During the Summer of 2008 I read a book called “Irresistible Revolution” by Shane Claiborne. This book opened up a new world to me; a world of young Christians, passionate for social justice. Not just social justice, but a revolution against the “health and wealth—your-best-life-now” type of Christianity popular in America. Much of this rang very true for me as I read it. It still does. Claiborne sarcastically recalls some of his past experiences going to a youth group at a church where it seemed the main focus was on having fun; the things he remembered most about that youth group were the cheap snowboarding trips, the bouncy inflatable Velcro wall, and the special Velcro suit to use with it (37).
Claiborne has much to say about popular Christianity.
In our culture of “seeker sensitivity” and radical inclusivity, the great temptation is to compromise the cost of discipleship in order to draw a larger crowd. With the most sincere hearts, we do not want to see anyone walk away from Jesus because of the discomfort of his cross, so we clip the claws on the Lion a little, we clean up a bit the bloody Passion we are called to follow (104).
It’s hard to keep from screaming amen after reading that. As a stand-alone quote I think we should. The problem arrives when we understand this snippet in the larger context of what Claiborne believes. We must examine what is meant by, “the bloody Passion we are called to follow” in the context of his entire book. Is it really biblical passion for Christ and His mission, or something else? It seems evident that Claiborne’s ministry motivation comes largely as a response to much of evangelicalism’s talk with no walk. He writes at one point:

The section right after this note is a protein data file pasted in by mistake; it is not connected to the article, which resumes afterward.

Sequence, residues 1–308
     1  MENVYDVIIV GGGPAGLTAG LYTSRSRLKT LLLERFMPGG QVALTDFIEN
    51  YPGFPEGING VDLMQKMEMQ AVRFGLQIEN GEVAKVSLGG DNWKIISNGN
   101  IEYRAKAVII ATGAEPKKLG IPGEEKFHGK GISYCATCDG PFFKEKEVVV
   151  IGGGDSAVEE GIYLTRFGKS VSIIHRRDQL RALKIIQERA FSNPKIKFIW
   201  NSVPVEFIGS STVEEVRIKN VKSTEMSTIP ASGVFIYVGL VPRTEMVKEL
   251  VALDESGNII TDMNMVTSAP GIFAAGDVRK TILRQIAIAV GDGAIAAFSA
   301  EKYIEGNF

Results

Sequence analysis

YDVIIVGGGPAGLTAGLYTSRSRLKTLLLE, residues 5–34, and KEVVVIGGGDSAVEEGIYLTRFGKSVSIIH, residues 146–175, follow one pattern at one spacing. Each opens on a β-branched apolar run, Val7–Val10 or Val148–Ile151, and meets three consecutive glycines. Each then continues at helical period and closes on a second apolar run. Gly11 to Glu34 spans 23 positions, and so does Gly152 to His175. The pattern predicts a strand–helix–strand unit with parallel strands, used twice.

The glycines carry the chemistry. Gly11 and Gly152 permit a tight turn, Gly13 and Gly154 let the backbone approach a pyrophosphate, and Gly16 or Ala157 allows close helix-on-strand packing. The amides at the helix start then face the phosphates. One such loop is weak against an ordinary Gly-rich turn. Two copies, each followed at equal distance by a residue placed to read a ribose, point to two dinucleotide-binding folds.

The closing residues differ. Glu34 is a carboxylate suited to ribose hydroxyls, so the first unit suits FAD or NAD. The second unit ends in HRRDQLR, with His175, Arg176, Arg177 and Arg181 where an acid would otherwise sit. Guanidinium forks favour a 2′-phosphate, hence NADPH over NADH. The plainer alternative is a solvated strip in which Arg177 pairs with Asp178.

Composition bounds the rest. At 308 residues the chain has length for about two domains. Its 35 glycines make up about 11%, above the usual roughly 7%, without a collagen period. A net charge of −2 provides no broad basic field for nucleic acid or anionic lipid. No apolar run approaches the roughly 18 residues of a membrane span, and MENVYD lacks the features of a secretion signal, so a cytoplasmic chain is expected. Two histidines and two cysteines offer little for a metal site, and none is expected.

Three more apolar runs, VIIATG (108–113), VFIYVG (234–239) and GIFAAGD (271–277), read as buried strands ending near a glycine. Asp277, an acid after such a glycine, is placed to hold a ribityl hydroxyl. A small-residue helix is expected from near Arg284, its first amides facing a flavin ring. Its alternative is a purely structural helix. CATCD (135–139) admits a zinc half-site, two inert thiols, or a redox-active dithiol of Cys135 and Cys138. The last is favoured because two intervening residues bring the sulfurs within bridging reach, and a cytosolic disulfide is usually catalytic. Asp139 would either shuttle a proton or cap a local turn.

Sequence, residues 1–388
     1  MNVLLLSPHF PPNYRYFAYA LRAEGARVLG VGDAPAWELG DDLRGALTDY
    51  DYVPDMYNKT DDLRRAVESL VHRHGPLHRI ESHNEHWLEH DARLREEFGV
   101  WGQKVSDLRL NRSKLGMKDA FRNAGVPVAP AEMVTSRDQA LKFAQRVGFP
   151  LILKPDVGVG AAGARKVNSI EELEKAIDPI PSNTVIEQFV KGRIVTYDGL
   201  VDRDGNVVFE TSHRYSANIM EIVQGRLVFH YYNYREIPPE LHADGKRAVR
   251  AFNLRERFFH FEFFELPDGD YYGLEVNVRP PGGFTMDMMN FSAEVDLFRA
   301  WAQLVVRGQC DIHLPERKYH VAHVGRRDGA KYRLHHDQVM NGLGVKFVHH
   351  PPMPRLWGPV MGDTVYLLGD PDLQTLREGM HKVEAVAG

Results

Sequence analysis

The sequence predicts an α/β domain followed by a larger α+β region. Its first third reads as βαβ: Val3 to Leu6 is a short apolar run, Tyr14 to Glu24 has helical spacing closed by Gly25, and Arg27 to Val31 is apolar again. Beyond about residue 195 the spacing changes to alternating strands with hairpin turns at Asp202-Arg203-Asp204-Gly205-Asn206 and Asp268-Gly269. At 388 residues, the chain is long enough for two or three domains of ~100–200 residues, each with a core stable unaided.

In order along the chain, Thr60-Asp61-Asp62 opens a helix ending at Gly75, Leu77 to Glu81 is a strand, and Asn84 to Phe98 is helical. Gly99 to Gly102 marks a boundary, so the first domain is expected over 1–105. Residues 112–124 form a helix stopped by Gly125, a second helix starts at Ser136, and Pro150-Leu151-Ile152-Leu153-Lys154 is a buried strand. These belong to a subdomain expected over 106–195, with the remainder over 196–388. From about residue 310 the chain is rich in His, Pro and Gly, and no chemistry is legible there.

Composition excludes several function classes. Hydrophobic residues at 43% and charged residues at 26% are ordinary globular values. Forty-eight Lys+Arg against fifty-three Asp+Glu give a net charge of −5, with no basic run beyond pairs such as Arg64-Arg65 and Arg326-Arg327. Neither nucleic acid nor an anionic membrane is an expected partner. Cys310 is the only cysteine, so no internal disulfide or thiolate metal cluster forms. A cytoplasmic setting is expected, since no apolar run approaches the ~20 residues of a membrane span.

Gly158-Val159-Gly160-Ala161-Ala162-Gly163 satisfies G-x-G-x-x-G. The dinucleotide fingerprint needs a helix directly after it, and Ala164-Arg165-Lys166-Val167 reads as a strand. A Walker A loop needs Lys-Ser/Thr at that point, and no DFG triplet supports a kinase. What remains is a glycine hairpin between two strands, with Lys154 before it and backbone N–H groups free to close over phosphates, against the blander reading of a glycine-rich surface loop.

“I believed all the right stuff—that Jesus is the Son of God, died and rose again. I had become a “believer,” but I had no idea what it means to be a follower. People had taught me what Christians believe, but no one had told me how Christians live” (38-39).
Again, no Christian can disagree here; James writes, “But be doers of the word, and not hearers only, deceiving yourselves.” Maybe he is right; maybe we need a “revolution.” But what should this revolution look like? It’s important to point out that James did not say, “just be doers;” He said, “be doers of the Word.” So if we need a revolution, we need one which is focused on the Word. Orthopraxy which flows out of orthodoxy. Not just social action for the sake of social action.
Who is Shane Claiborne?
Shane Claiborne graduated from Eastern university, studying sociology, and youth ministries. He has also studied at Wheaton College, and Princeton Theological Seminary. From the passion he shows in his book, and willingness to live out what he teaches, it is clear that he truly believes what he writes. In the book he says:
“the answer to bad theology is not no theology but good theology. So rather than distancing ourselves from religious language and biblical study, let’s dive into the Scripture together, correcting bad theology with good theology” (169).
Let’s take this as a challenge to bring Claiborne’s theology and practices under the light of Scripture. We will see if this ‘revolution’ is a revolution toward being doers of the Word, or just doers for the sake of doing. There is a passion and drive in Claiborne’s life that should be present in all Christians, and a love for the poor which is commendable and close to the heart of God. There is truth to be learned from this book, but as a whole it falls short in correctly handling the Scriptures, and often applauds unscriptural practices. For these reasons I would not recommend the book. The next two posts will deal with Shane Claiborne’s twisting of Scripture, and questionable beliefs and practices.